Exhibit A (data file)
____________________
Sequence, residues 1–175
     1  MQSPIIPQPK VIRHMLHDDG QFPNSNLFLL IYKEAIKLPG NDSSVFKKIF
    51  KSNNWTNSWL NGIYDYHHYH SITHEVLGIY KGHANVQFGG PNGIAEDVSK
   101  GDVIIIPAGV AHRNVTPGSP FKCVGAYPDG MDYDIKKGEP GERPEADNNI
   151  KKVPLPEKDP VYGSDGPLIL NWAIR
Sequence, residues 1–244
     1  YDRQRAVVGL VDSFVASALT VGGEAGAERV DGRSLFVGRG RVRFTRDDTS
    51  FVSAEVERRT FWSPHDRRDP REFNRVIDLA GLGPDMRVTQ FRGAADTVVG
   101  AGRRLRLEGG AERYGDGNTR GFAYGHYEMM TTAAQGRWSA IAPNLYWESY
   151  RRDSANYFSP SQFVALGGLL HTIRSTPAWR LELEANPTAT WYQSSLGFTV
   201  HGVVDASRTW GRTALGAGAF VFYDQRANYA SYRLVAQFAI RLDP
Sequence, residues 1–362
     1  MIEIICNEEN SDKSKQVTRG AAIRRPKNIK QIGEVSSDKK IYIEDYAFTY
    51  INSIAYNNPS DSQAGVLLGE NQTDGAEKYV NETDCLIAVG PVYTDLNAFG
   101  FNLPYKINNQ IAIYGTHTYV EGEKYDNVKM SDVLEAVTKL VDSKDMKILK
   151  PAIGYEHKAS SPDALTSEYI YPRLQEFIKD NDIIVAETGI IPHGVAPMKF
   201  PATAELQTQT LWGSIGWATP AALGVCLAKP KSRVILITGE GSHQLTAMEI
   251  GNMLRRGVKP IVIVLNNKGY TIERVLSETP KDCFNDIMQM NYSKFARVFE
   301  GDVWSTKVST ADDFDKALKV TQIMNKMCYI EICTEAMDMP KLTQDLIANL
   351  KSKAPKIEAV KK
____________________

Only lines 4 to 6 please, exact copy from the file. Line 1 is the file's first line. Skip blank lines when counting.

   101  GDVIIIPAGV AHRNVTPGSP FKCVGAYPDG MDYDIKKGEP GERPEADNNI
   151  KKVPLPEKDP VYGSDGPLIL NWAIR
Sequence, residues 1–244